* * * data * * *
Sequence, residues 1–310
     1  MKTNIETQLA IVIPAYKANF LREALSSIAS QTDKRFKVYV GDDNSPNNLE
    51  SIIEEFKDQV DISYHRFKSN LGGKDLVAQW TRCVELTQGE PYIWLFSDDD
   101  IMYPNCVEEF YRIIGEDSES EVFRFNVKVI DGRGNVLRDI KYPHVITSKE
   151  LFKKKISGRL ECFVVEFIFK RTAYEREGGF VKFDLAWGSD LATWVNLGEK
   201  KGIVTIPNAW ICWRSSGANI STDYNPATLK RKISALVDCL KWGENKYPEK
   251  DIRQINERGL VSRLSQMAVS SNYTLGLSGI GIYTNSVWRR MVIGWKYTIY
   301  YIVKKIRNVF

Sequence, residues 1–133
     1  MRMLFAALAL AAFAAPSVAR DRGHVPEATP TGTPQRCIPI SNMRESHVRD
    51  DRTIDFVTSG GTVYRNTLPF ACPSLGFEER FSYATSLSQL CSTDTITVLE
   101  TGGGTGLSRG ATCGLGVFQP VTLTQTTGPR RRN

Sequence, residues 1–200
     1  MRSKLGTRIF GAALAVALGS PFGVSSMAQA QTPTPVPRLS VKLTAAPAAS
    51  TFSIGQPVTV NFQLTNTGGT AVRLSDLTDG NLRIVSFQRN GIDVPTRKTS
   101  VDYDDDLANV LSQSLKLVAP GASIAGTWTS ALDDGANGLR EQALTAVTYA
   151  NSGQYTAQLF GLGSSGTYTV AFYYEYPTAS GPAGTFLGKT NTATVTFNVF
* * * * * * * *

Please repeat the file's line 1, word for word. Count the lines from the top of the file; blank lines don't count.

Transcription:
Sequence, residues 1–310